The best weather to drive Iceland’s Ring Road is during the summer, July & August. But the shoulder season of September & October can be a good time to visit too as prices are lower, fewer people are on the road, and days become shorter, increasing chances to see the Northern Lights in good weather.
Checkout Strange and Interesting facts about Iceland for more details.
Bathrooms & Showers
How do you shower if you’re in a campervan? Well most towns have heated public swimming pools that you can visit for $3-$6 USD. Or, you can pay to use a shower at one of Iceland’s many campgrounds. Sponge-baths work too! Regular bathrooms are available at most tourist attractions, restaurants, and gas stations.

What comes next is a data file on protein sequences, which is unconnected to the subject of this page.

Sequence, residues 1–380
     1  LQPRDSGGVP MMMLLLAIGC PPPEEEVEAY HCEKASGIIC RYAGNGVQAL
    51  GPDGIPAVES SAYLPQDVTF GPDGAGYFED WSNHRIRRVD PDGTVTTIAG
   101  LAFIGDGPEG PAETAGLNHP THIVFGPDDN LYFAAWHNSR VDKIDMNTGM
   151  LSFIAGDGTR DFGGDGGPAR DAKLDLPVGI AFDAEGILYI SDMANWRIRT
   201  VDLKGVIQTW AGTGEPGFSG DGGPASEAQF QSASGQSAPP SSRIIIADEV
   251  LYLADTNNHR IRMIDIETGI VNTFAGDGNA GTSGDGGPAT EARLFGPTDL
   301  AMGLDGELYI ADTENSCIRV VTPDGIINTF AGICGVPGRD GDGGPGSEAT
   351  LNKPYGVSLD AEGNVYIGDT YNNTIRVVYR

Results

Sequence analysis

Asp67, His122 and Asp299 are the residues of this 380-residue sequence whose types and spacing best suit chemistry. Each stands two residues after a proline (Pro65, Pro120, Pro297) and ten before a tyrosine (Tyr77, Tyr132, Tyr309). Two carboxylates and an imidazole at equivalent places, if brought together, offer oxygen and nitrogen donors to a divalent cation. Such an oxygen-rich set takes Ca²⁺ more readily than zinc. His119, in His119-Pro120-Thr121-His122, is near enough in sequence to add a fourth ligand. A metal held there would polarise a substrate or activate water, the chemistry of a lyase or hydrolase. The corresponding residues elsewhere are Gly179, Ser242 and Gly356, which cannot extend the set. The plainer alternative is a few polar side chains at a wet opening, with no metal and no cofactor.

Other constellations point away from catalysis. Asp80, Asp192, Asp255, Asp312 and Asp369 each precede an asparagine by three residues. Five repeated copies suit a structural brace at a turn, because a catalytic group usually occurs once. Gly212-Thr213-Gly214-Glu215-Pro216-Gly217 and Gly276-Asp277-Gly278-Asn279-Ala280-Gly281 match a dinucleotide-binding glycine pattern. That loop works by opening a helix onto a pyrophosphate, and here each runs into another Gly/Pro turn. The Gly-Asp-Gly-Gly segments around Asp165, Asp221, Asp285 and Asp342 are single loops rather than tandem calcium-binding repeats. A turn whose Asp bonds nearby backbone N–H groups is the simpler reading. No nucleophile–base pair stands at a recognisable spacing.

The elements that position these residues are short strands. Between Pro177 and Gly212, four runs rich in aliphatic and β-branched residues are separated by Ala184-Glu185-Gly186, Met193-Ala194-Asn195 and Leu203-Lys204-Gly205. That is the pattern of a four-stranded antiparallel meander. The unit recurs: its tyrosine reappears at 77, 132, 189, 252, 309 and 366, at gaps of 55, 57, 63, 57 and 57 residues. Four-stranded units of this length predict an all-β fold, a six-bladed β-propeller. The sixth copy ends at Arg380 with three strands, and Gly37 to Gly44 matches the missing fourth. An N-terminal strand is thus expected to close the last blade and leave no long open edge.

Checking The Weather
Speaking of the weather, it changes quickly in Iceland. A sunny morning can easily turn into a whiteout blizzard. Bookmark the website Vegagerdin.is for real-time road conditions. There’s even a smartphone app.
Iceland is one of the most amazing countries I’ve ever visited, I think you’ll feel the same way after spending a week driving the Ring Road! ★
Travel Video: Ring Road Adventures In Iceland!
Check out my travel gear guide to help you start packing for your trip. Pick up a travel backpack, camera gear, and other useful travel accessories.
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Rent A Car
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Are you planning a trip to Iceland? Any questions about driving the ring road? Drop me a message in the comments below!
This content was originally published here.